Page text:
Skip to main content
In order to provide complete functionality, this web site needs your explicit consent to store browser cookies. If you don't allow cookies, you may not be able to use certain features of the web site including but not limited to: log in, buy products, see personalized content, switch between site cultures. It is recommended that you allow all cookies.
Unsure of your equality rights or the law? We can provide advice and assistance for people who feel they have been discriminated against.

Religious belief/ Political opinion

Service related problem
Religion Politics
UNDER REVIEW: This section of the website is currently under review following the Supreme Court’s judgement on Lee v Ashers Baking Co Ltd. If you have any queries about equality legislation in relation to service provision please contact us by email or telephone 028 90500600


Have I been discriminated against because of my religious belief and/or political opinion?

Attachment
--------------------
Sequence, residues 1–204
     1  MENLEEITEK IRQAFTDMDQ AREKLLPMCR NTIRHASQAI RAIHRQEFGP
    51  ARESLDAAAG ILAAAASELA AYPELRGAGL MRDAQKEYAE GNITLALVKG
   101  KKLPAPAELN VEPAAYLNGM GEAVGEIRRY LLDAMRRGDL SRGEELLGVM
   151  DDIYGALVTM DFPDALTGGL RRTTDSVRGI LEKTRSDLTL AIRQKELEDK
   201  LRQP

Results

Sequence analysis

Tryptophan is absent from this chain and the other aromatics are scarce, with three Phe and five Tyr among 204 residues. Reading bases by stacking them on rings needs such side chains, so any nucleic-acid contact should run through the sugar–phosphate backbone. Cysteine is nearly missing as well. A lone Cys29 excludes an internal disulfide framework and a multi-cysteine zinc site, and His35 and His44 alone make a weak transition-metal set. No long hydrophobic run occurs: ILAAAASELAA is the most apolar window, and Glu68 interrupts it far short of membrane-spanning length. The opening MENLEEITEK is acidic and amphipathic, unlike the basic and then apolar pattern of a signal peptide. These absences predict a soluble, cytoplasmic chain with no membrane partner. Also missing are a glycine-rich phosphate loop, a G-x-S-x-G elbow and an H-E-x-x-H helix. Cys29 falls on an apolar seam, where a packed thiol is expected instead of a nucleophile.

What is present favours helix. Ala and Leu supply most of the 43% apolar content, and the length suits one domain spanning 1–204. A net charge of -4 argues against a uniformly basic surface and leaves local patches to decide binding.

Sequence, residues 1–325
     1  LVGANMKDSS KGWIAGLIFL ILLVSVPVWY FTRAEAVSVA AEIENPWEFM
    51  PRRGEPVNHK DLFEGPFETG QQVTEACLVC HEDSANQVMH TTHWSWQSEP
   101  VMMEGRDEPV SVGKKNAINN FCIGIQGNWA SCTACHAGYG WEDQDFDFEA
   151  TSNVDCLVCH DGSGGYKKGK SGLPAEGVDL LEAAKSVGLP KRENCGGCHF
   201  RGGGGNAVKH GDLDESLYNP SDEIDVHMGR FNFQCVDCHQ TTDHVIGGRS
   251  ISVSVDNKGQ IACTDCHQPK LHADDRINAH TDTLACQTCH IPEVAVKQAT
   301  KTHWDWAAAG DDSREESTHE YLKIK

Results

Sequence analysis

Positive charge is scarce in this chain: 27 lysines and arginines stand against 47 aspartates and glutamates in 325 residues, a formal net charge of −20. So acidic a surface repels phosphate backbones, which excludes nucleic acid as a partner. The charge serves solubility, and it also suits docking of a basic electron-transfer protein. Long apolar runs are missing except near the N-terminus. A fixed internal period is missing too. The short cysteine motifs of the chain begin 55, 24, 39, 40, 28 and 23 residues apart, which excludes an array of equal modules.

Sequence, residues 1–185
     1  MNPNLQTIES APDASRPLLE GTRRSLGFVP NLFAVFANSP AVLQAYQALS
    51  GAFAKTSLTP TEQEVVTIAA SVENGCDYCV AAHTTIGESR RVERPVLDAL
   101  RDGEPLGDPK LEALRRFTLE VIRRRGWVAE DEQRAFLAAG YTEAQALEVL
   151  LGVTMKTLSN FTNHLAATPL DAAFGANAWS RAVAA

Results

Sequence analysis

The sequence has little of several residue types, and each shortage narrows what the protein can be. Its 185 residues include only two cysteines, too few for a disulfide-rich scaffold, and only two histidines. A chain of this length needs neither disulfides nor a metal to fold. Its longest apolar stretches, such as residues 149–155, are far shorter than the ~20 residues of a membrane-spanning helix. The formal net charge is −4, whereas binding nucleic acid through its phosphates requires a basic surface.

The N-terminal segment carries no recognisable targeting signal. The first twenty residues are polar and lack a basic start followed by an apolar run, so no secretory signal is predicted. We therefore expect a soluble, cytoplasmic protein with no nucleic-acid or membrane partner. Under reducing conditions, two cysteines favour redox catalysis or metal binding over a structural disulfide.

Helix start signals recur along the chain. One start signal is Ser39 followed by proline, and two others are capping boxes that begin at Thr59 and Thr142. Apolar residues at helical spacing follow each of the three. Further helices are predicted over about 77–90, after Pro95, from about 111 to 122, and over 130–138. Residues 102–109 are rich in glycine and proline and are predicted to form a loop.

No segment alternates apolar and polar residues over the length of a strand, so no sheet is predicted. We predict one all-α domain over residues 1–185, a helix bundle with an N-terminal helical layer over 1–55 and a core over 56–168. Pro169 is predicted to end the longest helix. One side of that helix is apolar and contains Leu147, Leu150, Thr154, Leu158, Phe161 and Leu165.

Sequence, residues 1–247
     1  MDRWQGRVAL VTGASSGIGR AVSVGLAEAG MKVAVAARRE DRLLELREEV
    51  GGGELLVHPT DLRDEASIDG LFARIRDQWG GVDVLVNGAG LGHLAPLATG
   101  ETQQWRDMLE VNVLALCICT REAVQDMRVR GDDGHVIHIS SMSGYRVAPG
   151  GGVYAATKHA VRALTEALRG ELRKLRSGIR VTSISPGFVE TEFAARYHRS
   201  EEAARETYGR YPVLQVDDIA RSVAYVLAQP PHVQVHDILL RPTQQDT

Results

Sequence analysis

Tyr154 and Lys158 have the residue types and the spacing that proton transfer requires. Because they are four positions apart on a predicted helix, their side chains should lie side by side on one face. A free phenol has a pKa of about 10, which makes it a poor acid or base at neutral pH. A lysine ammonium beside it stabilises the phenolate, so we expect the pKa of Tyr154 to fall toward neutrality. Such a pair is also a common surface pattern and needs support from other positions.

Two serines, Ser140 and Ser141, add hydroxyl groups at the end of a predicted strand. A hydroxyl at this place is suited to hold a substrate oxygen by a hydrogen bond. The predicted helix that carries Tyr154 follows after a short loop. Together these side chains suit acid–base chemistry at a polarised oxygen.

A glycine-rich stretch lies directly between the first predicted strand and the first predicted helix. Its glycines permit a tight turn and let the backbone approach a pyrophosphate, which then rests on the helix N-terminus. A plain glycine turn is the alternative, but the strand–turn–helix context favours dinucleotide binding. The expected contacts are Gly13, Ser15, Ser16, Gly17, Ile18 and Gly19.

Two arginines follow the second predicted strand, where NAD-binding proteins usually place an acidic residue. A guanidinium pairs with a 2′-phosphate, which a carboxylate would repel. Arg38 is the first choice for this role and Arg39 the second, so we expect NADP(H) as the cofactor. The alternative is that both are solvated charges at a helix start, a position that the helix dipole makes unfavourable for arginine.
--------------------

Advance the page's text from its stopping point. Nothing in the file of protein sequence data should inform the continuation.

If you have been treated unfairly on grounds of religious belief or political opinion, this may be unlawful discrimination.

‘Religious belief grounds’ includes any religion or faith, for example:
  • Protestant
  • Roman Catholic
  • Judaism
  • Islam
  • Eastern Orthodox Christianity
  • Hinduism
  • Buddhism


‘Political opinion’ includes support of any Northern Ireland or UK government politics and matters of public policy.  For example:  Treated less favourably because you are or perceived to be nationalist or unionist. However, not all political opinions have the protection of the law. It does not protect political opinions that support or approve of the use of violence for political ends.

Your rights also apply if you do not hold any religious belief or political opinion.

If as a result of these grounds you are treated worse than another person in a similar situation, you can challenge the treatment under the law.

Is all religious belief or political opinion discrimination the same?

No, there are different types of religious belief and political opinion discrimination, and it doesn’t have to be intentional to be unlawful. The main forms are:

  • Direct discrimination is where you are treated worse than others, on grounds of your religious belief or political opinion, when a service provider: